The Olympic Season Isn't Over Yet

You’ve spent the last few weeks in front of the television. From the opening ceremonies to the gymnastics floor to the pool to the volleyball courts, you’ve watched in wonder as incredible athletes from all over the world compete for gold…all from the comfort of your couch with a tub of ice cream by your side (oh the irony). But as the ceremonies ended and the athletes headed home, you felt a sense of relief that you were no longer obligated to watch sports for a while. Let’s face it, cheering for your team can be exhausting. However, the Olympic season is actually far from over. Starting September 7th, the 2016 Paralympics will be taking place in Rio. Everyone has heard of the Paralympics, but few actually watch the events. The winners are rarely highlighted on national news. There will be no medal counts on Snapchat, no daytime conversations about the previous day’s competitions. We’ve all seen the incredibly inspiring commercials featuring Simone Biles and Michael Phelps. Ryan Lochte and Gabby Douglas have become household names. So why is it that some of the most inspiring stories of success in the face of overwhelming challenge have been pushed aside? History of the Games

The Paralympic movement started in 1944 when Dr. Ludwig Guttmann opened a spinal injuries centre in Great Britain where he utilized sport as a rehabilitation method. These adapted sports evolved over time into competitive sports that began to spread regionally. During the 1948 London Olympics, Guttman held the Stoke Mandeville games which consisted solely of archery. Not long after, the first Paralympic games were held in Rome in 1960. Every four years, the winter or summer Paralympics are held shortly after the closing ceremony of the Olympics, staying true to its name: “para” stemming from the Greek stem for “beside: and highlighting how the two organizations exist together. Additionally, the organization highly values fair and equal competition. This means that no athlete is competing against an athlete whose impairments differ drastically from their own. An athlete with a visual impairment won’t compete against an athlete with cerebral palsy. The system is extremely complicated and creates levels of competition for impairments ranging from limb deficiency to intellectual impairment. Competition of the Highest Caliber 

If you think about all the things that go into creating the spectacle that is the Olympics, you think of the gear, the high-tech equipment, the regimented training and fierce competition. The Paralympics are no different. With specialized sports come specialized equipment. Wheelchairs are built with the support of companies like BMW and GE, and everything is altered to better fit the individual’s needs. Training is adapted and sports can be played in a number of different ways. If you don’t watch for the sport itself, watch for the ingenious innovation on display. And Russia is still banned from competition under the Anti-Doping Laws. Team USA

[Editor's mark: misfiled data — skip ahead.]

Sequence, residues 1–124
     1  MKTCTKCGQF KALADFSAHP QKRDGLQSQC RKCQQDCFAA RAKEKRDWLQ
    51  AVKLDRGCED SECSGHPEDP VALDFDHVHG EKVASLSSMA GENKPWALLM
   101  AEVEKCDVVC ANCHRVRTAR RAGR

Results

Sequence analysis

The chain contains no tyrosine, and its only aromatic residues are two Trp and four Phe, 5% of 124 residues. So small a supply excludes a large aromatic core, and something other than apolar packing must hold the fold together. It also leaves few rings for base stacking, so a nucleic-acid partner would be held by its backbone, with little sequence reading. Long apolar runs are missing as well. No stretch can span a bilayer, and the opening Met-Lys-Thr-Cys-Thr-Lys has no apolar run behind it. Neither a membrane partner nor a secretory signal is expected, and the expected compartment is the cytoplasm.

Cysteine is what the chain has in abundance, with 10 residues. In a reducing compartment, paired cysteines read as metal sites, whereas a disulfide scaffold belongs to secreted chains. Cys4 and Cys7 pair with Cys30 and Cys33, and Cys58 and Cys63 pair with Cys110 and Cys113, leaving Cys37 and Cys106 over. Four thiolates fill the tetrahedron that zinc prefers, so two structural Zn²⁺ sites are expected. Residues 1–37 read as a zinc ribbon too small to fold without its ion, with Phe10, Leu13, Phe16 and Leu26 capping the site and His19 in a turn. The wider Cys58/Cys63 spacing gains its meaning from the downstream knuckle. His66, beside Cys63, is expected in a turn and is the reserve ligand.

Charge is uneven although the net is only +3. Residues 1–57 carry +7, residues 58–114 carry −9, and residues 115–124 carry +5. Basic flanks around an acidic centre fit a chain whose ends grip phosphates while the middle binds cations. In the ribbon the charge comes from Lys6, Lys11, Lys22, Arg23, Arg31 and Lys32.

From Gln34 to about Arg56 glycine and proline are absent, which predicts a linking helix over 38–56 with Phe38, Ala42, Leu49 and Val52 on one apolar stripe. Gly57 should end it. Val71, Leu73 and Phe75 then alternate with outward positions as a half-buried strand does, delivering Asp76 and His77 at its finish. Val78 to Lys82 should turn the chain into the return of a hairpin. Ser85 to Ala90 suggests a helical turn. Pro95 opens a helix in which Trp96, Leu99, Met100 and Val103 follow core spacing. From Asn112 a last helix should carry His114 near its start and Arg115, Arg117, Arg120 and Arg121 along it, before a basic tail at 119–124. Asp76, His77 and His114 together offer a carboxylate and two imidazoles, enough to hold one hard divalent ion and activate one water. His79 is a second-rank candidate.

Now it’s time for the fun part! Team USA! This year, the United States is sending 267 paralympians to Rio for round two of world domination in sports. Of the 267, 30 are military veterans or on active duty. Spanning ages 15-64 years old, team USA is competing in 20 sports. If the age range wasn’t enough, the diversity continues with a the shortest athlete being 3 feet tall and the tallest athlete measuring at 6’7. Some people to watch: sisters Tatayna and Hannah McFadden, Jennifer Poist, Alana Nichols and Dalton Herendeen. (Authors Note: Dalton was my counselor at swim camp in high school, so I will be going absolutely crazy during his races) If you don’t have time to fill your head with a whole other Olympic schedule, check out the Team USA hype videos and info sessions on Facebook. Your homework definitely seems manageable after watching them!

How to Show Your Support

Showing your support for the Paralympics is super easy. Watch the games, cheer for Team USA and you are already headed in the right direction. Spread the news, host a watch party and learn more about the organization. It’s the best way to increase coverage and promote inclusion. Feel like getting more involved? A campaign started this week, #FilltheSeats, is looking to fill the stadiums after low ticket sales were discouraging to the athletes. For 30 USD, you can buy a seat to be donated so that Brazilian children and people with impairments can watch the games in person, an incredible educational and inspirational opportunity. 

Get ready for Olympic Season round 2!

HCNDXO

Follow HCND on Twitter, like us on FacebookPin with us and show our Instagram some love!

Sources: 1

Images: 1,2,3,4, 5, 6,7